Frequently Asked Questions
Below is a list of the most frequently asked questions from opposition to privatization along with some info about how we got started. If you have any that aren't listed below, feel free to email us and we will add it to the page.
Who are you exactly?
What started this?
Are you being paid?
How the system works now
What we want to change
Won't privatization lead to more illegal sales to underage teens?
What about the benefits to the local communities and the state itself that come from the current system? Won't that go away if we privatize liquor sales?
What are some benefits of privatization?
1) Who are you exactly?
We started as a couple citizens of North Carolina with support from our friends and family. Now as we grow we are a group of North Carolinians who want change and a choice.
2) What started this?
Our push to privatize the North Carolina system actually started with beer. As many of you reading this already know, North Carolina has developed an amazing beer industry with tap rooms and bottle shops popping up everywhere. Naturally, we visited places like Sam's Quik Shop in Durham for the latest product -- even waiting in line for special releases like Bell's Hopslam and talking to the employees about their opinions and suggestions. From their our palettes were opened to the amazing world of whiskey and spirits.
We looked for places to try different styles and watched YouTube reviews. To our disappointment, everyone in NC had virtually the same menu. We went to the local ABC store and the story was the same. Even worse, the employees didn't seem to know about what exactly they sold or what was available in the wider market. This is when we began to research the North Carolina ABC system and realized it was a government office in Raleigh that determined every item that could be sold in the state. There wasn't any flexibility and it was up to local managers to order from a list. Now, having traveled to other states and countries it was clear that other systems were quite different and not at all unlike the experiences from your usual bottle / wine shops right here in North Carolina.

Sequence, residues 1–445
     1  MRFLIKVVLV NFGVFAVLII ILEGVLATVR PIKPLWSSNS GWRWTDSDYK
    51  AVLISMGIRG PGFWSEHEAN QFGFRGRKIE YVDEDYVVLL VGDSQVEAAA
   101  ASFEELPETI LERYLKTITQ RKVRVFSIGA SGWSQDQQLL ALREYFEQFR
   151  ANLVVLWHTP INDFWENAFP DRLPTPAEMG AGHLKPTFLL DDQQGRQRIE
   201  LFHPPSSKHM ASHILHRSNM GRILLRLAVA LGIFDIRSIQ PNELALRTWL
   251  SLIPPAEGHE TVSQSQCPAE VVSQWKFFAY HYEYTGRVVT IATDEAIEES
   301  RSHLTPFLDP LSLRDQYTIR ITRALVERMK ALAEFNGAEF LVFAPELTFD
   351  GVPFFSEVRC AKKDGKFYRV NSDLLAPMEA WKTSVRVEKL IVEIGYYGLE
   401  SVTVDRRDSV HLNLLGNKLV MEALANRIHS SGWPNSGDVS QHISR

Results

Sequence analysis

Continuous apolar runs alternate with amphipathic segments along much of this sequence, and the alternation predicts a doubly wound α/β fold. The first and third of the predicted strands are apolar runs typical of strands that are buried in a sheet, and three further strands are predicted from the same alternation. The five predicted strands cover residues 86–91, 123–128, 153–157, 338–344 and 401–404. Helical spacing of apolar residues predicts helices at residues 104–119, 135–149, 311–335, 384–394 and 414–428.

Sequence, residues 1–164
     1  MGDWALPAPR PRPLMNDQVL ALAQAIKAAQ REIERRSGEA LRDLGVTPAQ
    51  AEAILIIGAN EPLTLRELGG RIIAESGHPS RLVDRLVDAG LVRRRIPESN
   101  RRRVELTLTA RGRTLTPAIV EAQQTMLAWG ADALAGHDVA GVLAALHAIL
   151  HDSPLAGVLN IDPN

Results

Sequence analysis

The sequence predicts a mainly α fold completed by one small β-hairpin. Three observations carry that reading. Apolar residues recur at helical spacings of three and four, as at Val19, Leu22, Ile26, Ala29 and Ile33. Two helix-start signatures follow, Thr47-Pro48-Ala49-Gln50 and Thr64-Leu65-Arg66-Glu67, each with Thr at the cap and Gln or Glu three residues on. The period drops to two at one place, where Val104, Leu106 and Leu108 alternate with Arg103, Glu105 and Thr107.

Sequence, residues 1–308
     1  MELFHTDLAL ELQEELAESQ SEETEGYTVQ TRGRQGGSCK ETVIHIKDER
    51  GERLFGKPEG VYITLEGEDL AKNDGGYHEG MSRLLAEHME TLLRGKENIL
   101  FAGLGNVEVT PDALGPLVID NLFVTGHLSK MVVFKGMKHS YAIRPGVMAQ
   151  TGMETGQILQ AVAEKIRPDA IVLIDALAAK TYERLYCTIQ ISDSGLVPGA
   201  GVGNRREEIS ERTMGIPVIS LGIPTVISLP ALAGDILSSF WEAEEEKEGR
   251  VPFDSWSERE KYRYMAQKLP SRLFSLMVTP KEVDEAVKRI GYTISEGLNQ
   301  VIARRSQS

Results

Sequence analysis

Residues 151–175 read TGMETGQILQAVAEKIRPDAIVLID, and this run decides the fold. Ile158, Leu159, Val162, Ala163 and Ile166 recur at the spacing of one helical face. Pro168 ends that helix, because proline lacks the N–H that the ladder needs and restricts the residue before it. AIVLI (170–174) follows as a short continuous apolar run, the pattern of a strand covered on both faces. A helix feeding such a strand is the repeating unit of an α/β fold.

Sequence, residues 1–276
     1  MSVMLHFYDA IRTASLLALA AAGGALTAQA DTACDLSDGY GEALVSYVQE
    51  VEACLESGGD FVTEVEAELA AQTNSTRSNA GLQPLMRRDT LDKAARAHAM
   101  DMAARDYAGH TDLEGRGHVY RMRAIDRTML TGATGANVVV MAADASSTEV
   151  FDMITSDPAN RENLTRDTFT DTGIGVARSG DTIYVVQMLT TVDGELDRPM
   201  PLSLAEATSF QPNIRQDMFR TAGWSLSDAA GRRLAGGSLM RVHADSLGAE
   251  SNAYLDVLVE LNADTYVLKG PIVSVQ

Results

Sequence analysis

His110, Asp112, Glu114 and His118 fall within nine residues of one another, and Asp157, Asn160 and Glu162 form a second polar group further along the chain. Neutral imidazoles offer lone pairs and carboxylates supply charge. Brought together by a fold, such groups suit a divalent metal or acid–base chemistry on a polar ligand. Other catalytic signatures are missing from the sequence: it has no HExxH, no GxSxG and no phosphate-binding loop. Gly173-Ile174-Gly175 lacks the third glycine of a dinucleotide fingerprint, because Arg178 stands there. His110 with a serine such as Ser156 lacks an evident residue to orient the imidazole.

From Japanese Whisky, Calvados, Armagnac, Cachaca to many gaps in even Scotch, Bourbon and Rum -- the NC ABC System was a monolith and a disappointment. It was also clear that states like California, Georgia, Florida and New York were doing just fine with their private systems. A central government entity simply cannot be as responsive as local businesses working with their customers. We started talking to business owners about how hard it was to get specialty drinks for mixed beverages. We talked to businesses in private states about how they negotiate with suppliers and seek to differentiate themselves through product and customer service. This is how we decided this is a reform that should really happen in North Carolina. It isn't 1937 anymore and a system designed with Prohibition fresh in the mind doesn't fit the culture and attitudes in 2016. The citizens of North Carolina deserve a system that enables them, not the opposite.
3) Are you being paid?
No, we have day jobs and this is a free time pursuit. The money put into this has been purely personal funds. We aren't accepting donations right now, possibly in the future -- we will keep everyone posted!
4) How the system works now
- The North Carolina State ABC Commission sets a list of products and prices.
- The State Commission runs a warehouse system where all product must be delivered.
- Localities can elect to establish an "ABC Board" which runs the stores.
- Local board managers are responsible for ordering from the NC Warehouse System.
- Citizens can only buy retail liquor from an ABC store, or single bottle per year at a distillery.